Call Number: E-Book
Publication Date: 2005
Expo: International Expositions 1851-2010 by Anna Jackson
International expositions, held around the globe since 1851, have helped to shape the modern world. Unsurpassed in their scale and confidence, they rank among the most spectacular, popular and important events ever held. Following the enormous success of London's Great Exhibition of 1851, expositions have been held in Europe, America and Asia and provided a stage on which the world has come together to display its achievements and ambitions.
Call Number: T395 J295 2008
Publication Date: 2008
Fair America: World's Fairs in the United States by Robert W. Rydell, John E. Findling, and Kimberly D. Pelle
Since their inception with New York's Crystal Palace Exhibition in the mid-nineteenth century, world's fairs have introduced Americans to "exotic" pleasures such as belly dancing and the Ferris Wheel; pathbreaking technologies such as telephones and X rays; and futuristic architectural, landscaping, and transportation schemes. Billed by their promoters as "encyclopedias of civilization," the expositions impressed tens of millions of fairgoers with model environments and utopian visions.
Call Number: T395.5 U6 R934 2000
Publication Date: 2000
Expanding Nationalisms at World'Fairs: Identity, Diversity, and Exchange, 1851-1915 by David Raizman and Ethan Robey (Editors)
Expanding Nationalisms at World's Fairs: Identity, Diversity, and Exchange, 1851-1915 introduces the subject of international exhibitions to art and design historians and awider audience as a resource for understanding the broad and varied political meaningsof design during a period of rapid industrialization, developing nationalism, imperialism,expanding trade and the emergence of a consumer society. Its chapters, written byboth established and emerging scholars, are global in scope, and demonstrate specificnetworks of communication and exchange among designers, manufacturers, marketsand nations on the modern world stage from the second half of the nineteenth centuryinto the beginning of the twentieth. Within the overarching theme of nationalism and internationalism as revealed atworld's fairs, the book's essays will engage a more complex understanding of ideasof competition and community in an age of emergent industrial capitalism, and willinvestigate the nuances, contradictions and marginalized voices that lie beneath thesurface of unity, progress, and global expansion.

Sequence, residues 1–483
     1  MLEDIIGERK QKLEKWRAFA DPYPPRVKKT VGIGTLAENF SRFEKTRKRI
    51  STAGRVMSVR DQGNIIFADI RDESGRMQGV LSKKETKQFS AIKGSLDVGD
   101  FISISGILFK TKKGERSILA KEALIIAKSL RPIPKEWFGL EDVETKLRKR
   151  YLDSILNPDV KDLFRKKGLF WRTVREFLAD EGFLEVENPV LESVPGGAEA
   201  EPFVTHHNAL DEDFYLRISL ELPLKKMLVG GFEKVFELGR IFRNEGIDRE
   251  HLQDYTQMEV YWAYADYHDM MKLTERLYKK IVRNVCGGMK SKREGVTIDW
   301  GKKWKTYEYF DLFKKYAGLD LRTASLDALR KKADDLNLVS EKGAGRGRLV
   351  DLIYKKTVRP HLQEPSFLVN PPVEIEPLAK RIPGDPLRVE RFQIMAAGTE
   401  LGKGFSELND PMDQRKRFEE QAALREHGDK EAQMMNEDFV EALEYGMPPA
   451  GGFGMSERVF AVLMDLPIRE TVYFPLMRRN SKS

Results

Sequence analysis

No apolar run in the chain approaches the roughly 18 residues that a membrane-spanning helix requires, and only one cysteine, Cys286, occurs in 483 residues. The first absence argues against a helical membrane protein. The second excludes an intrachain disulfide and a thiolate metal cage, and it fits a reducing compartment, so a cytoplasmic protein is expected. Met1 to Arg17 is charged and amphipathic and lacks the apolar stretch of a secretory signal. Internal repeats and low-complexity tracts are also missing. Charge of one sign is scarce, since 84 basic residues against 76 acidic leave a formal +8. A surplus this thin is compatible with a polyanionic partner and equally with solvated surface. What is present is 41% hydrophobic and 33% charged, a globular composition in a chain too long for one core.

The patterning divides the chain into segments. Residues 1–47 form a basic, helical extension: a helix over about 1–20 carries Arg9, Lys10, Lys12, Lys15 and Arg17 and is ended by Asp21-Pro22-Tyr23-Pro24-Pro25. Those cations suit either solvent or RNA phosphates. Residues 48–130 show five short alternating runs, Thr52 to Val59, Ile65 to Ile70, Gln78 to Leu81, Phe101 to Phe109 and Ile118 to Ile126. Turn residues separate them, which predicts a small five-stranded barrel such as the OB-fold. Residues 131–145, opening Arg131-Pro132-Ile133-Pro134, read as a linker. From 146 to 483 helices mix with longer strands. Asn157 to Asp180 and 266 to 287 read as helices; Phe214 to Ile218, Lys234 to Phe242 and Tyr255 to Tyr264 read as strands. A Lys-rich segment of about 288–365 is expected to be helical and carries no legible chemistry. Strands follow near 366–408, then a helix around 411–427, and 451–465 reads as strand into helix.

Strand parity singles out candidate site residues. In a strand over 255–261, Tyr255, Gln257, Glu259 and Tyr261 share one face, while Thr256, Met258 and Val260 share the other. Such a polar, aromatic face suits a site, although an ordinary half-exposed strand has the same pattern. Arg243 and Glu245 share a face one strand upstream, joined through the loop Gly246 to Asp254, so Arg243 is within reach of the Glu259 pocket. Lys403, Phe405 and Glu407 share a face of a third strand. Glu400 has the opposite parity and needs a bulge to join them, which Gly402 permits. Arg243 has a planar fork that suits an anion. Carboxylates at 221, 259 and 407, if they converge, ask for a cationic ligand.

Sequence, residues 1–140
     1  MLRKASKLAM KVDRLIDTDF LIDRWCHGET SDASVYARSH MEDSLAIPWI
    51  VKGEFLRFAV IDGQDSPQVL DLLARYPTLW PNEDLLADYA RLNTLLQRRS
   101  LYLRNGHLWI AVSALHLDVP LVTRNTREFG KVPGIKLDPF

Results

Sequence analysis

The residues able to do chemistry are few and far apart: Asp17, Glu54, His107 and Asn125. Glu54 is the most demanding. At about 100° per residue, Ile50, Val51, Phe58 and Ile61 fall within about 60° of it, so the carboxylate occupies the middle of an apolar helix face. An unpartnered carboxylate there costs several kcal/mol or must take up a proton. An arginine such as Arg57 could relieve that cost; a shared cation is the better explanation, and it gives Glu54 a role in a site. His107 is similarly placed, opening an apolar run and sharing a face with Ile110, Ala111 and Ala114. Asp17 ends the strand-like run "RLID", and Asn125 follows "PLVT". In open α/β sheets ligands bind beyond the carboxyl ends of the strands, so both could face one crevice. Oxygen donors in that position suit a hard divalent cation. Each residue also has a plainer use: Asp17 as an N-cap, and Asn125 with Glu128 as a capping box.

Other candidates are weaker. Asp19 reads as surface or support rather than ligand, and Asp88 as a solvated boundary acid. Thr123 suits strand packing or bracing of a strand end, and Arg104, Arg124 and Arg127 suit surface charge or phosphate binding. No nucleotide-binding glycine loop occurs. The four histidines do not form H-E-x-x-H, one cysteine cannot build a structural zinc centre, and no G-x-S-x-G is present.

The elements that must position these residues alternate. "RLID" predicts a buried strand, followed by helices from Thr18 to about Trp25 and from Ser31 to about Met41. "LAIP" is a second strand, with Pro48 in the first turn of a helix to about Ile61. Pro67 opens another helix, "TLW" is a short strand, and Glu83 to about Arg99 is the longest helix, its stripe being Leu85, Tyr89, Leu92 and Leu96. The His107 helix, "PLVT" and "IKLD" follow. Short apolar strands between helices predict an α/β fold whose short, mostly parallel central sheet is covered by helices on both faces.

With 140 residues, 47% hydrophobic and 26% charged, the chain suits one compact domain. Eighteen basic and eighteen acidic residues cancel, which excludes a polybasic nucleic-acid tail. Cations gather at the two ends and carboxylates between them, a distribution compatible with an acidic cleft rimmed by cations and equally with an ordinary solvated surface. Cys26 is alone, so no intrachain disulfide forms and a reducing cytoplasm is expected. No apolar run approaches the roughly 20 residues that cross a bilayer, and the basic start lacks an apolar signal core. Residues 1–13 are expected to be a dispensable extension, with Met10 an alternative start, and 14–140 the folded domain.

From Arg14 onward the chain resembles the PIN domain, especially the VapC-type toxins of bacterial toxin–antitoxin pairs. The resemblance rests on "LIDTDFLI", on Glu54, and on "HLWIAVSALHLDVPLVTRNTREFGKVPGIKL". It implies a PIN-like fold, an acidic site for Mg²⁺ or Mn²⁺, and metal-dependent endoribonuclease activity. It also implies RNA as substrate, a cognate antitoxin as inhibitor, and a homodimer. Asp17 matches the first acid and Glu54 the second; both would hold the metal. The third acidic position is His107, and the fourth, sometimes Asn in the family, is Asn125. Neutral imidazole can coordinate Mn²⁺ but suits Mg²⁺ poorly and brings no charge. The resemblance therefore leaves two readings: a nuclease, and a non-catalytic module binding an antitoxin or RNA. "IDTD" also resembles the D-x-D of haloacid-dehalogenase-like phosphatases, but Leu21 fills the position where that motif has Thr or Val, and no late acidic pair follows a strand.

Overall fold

Call Number: T395 E973 2018
Publication Date: 2018